Health experts cautious about omicron impact on children
MEMPHIS, Tenn. (WMC) - Pediatricians said they’re in an anxious waiting game to see how the omicron variant will affect kids.
Of the 317 new COVID-19 cases reported in Shelby CountyTuesday, 84 are in children.
Tuesday, seven children are at LeBonheur with COVID-19. One of the children is in the ICU. Doctors said the severity of the illness they’re seeing is like what they saw earlier in the pandemic before the delta case surge.
However, because the delta strain made children so sick, they’re not ruling out just how severe omicron may be.
“We’re sort of in an anxious waiting game for the next few weeks,” said Dr. Nick Hysmith, medical director of infection prevention at LeBonheur Children’s Hospital.
After a summer where Mid-South children’s hospitals saw more children become sicker than ever before from COVID-19, pediatricians are waiting to see what the current omicron case surge will look like.
The new variant is already becoming the dominant strain in the United States.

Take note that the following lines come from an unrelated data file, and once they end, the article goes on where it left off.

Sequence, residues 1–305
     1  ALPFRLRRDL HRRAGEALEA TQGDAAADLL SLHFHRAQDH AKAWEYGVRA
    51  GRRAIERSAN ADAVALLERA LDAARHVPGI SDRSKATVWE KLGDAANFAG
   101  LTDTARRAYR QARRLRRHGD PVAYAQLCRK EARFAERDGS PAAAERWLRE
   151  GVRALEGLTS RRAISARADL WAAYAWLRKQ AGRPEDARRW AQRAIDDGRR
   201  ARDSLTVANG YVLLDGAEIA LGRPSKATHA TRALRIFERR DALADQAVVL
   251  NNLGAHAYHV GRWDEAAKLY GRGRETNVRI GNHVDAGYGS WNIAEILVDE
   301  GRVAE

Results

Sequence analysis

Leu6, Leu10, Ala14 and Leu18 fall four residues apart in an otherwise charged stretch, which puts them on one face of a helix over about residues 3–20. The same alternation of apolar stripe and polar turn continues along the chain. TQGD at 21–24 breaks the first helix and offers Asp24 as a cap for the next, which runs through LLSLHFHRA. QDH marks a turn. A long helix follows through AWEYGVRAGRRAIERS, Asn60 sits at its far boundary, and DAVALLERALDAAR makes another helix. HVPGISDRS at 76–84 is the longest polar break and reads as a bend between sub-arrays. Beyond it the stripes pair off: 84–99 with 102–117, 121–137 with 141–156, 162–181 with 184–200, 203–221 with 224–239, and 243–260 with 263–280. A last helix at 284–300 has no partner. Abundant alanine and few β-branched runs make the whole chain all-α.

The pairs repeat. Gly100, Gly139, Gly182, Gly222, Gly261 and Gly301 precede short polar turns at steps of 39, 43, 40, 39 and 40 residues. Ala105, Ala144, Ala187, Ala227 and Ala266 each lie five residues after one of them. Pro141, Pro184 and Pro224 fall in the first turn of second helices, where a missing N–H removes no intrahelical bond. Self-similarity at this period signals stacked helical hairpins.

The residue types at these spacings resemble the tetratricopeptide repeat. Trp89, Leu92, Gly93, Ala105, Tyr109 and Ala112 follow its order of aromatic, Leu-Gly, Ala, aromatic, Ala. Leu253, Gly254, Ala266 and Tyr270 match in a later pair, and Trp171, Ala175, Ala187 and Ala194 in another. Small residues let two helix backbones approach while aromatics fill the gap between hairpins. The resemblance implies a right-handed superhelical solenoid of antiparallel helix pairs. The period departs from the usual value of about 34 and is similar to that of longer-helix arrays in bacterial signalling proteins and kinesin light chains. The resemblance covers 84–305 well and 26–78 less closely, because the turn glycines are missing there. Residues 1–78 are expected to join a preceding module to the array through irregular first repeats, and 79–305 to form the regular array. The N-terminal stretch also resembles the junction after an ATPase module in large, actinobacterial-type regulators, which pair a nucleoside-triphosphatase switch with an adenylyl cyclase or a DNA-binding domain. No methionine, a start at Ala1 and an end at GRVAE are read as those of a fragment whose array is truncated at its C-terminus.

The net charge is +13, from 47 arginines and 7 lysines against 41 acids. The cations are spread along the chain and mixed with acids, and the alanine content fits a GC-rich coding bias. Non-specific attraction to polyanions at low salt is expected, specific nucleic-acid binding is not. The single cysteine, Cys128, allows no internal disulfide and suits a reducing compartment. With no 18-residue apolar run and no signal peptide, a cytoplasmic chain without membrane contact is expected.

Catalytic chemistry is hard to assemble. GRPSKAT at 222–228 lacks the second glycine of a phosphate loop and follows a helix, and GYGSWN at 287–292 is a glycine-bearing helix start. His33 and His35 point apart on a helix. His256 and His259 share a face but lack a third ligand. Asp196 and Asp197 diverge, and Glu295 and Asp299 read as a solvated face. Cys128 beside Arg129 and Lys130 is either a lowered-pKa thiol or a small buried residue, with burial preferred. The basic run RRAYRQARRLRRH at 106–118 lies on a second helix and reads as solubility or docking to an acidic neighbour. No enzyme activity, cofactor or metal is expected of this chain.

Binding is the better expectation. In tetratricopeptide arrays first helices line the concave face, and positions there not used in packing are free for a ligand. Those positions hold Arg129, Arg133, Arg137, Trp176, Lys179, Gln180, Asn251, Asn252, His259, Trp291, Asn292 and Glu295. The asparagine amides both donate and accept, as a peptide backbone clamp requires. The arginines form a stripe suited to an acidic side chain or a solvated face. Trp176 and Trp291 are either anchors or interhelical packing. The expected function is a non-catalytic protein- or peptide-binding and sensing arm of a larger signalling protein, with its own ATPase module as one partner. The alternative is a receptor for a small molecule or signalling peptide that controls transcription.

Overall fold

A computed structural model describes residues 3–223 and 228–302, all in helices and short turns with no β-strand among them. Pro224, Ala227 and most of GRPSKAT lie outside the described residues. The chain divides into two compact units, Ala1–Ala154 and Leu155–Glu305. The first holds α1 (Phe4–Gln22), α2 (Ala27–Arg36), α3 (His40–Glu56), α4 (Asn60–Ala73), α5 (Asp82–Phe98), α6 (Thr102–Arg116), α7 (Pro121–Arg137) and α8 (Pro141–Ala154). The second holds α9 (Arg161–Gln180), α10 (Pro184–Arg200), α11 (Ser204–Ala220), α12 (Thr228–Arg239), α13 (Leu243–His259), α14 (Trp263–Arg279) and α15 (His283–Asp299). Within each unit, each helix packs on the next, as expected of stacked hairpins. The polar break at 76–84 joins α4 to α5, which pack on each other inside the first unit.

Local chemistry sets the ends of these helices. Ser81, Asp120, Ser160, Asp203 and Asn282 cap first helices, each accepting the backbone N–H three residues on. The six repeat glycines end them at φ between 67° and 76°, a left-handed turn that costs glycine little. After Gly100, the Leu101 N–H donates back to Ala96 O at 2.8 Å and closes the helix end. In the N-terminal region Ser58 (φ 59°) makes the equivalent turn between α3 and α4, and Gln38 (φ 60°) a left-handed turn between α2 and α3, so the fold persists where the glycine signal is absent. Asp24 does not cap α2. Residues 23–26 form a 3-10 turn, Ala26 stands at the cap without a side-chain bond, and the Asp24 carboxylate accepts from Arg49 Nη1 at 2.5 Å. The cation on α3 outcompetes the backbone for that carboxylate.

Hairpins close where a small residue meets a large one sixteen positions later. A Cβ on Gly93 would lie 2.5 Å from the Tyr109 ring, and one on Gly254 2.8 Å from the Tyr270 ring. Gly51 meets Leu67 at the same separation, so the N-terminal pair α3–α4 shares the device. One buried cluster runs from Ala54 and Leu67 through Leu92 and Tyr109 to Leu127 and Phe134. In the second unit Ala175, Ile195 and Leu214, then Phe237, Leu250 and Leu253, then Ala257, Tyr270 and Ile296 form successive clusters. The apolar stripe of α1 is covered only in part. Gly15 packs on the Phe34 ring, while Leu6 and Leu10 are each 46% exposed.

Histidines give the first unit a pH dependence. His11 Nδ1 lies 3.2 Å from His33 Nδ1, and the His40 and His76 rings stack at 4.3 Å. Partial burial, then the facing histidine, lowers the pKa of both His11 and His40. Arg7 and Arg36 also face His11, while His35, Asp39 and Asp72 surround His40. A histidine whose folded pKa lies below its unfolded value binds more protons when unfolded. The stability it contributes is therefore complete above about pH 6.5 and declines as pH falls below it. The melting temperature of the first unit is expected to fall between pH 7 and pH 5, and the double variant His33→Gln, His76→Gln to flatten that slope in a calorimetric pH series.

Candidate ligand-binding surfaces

“There are some reports from across the country that they are seeing an increase in numbers in pediatric patients and they’re seeing more severe cases over the last several weeks,” Hysmith said.
Hysmith said they’ve seen a slight uptick. The hospital averaged four COVID-19 patients a day last week. This week, it’s averaging seven.
“It’s not to the point where we are seeing any kind of drastic change or even a new trend,” Hysmith said. “It is a little bit concerning because we have the new variant coming in and we saw what happened to the new delta variant.”
But the hospital is seeing more flu cases, leaving doctors concerned with how flu season will look in the age of COVID.
There have been 47 positive flu patients at LeBonheur this month. There were only seven last month, and one in all of December 2020.
With 84 new pediatric cases of COVID-19 being reported in Shelby County Tuesday, Hysmith said those children are still at risk of developing severe illness, and even worse side effects like multi inflammatory syndrome or MIS-C.
“That hasn’t changed with any of the variants. If we know this is highly contagious, we’re waiting to see if we’ll have severe acute illness in children like we saw with delta, but we’re also expecting to see the multisystem inflammatory syndrome,” Hysmith said.
Anyone five and up is eligible for the COVID-19 vaccine and 16 and 17-year-olds are also eligible for boosters.
In Tennessee, less than two percent of five to 11-year-olds are vaccinated. For those 12 to 15, 3.6 percent of the population is vaccinated. In Mississippi, .3 percent of five to 17-year-olds are fully vaccinated.
Arkansas’ data wasn’t immediately available.
For a list of vaccination locations, click here.
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